Later that day– the same day I told him I wanted him to be my boyfriend in order to get him to stay near and not run away– I decided to stop ignoring the internal RED ALERT. Previously, I came across a name on his phone records, Johnnie Gomez. It was time to dig for real dirt.
I started just as I had before, with his phone number. It revealed all the same information I already knew: there was no trace of Raef… however, there were many mentions of Johnnie Gomez, consistent enough to make me want to excavate the digital terrain to find out more about who this Johnnie Gomez was and how Raef knew him. But not surprisingly, it’s a pretty common name, so I started doing image searches for the name, again I figured it was a method that was sure to prove fruitless. I scrolled through hundreds of photos, men who looked nothing like him. I was about to switch tactics when a tiny thumbnail photo caught my eye. I clicked on it…
There he was. The photo was undoubtedly him, and it was linked to an Instagram account @Johnnieboy69 — there weren’t many photos there, but enough to confirm that it was definitely him; the short bio on the account simply stated his name was “Johnnie Gomez.”
I then searched Instagram for users by that name, and another profile with his picture popped up: @Johnnie_77 — here, there were only 3 pictures, but they were telling photos. One with a horse, and two with the same man– “Enjoying a day off at the spa” was the caption of one of them. They were both clad in white robes. The picture was posted in the last 6 months, and pieces were starting to fall into place in my brain.
I did more searching online, and then finally found myself coming to a cyber-dead-end and needed a boost. I could have walked away right there… I probably should have, but I was determined to crack this case and get my money back. So, the next action that I took is exactly what any rational human might do– I purchased a month of unlimited background checks from Instant Checkmate dot com.
When I did that, I was finally cooking with gas, as they say. I ran a name search… I was able to confirm his birthday (which confirmed his age for me– he was telling the truth– 37 years old), some address in South LA that I had never seen before, a humble rambler with a handful of other residents with the same last name, and able to verify that he had no criminal history. I also learned that Johnnie Gomez had two aliases: Julio and Jaime. There was still, however, no mention of Raef anywhere. The $34.99 that I invested into this month-long subscription was proving less than fruitful. There was also no mention of the phone number that I had been using to contact him. Was this the wrong person?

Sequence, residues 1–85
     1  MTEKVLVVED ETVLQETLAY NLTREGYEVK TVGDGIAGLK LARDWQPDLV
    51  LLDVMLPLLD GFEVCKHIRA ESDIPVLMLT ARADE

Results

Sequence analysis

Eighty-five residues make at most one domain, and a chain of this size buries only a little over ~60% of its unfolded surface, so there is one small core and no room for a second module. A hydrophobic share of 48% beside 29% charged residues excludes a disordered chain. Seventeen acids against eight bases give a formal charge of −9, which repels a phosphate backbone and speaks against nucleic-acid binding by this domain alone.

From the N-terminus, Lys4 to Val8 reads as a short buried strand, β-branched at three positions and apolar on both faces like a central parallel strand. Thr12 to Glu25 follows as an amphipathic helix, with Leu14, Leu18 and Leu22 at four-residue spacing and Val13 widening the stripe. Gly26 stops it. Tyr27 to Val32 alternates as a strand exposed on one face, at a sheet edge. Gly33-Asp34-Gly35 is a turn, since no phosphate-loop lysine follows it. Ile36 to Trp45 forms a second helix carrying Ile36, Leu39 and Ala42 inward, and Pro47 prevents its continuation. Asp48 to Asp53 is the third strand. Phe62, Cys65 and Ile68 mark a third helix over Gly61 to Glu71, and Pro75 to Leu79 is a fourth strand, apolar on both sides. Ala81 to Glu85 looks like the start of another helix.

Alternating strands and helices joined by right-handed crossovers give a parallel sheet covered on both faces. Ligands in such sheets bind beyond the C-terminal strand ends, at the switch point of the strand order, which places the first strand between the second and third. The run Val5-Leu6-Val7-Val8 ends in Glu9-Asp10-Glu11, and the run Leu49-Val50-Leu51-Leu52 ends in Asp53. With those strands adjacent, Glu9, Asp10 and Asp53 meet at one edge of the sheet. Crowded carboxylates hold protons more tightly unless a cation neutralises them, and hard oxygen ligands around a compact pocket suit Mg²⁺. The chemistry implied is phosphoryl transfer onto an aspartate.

I searched his phone number and was redirected to a page that required an upgrade in order to query phone numbers. Puh-leaze. I am not about to do that. What? Do I seem that desperate? Pfft. So instead, on a whim, I searched the street address of the house I visited a couple of times: 747 W Luscious Avenue. I knew that the house was purchased for cash about a year prior, but I didn’t know by whom…
The information page came up and the owners were listed as Mark Edwin and Jaime Monteith.
I didn’t know those people, I hadn’t stumbled across those names in my initial research, but I did recently learn that Johnnie had an alias: Jaime. Could it be the first real break in the case since I started investigating? I started looking for more information on both Jaime and Mark Edwin. Mark Edwin was well-established: multiple properties, a professional history, family– but no mention of Jaime on his profile. And Jaime Monteith didn’t exist prior to the purchase of the home one year ago. What is going on?!
With the new information about the house and its owners, I turned back to social media. I searched Facebook first… I found Mark Edwin, but there were no pictures of Jaime. I searched Jaime and there was nothing. Ready to give up again, I had one more idea: look for Johnnie Monteith.
There he was. Not only was it him, but his profile picture gave me all the information I needed: there he sat in a nice suit, next to Mark Edwin. Under an arbor. With flowers and hearts. It was so clearly a wedding picture.
Johnnie was Jaime and was also married!
My body was viscerally reacting to the information– not with anger from being deceived, but from shock that I had let my feelings open up to possibility with someone who was clearly shifty at every turn. I wanted to call him right there and say,
I know everything! I know you’re married! I know your name isn’t Raef! That’s not even one of your aliases… but I know your other aliases! And if you own such a huge house that you and your HUSBAND bought with cash, why do you need my $200!? What is your endgame here?! You used me, you made me feel special and then violated that bond we were forming.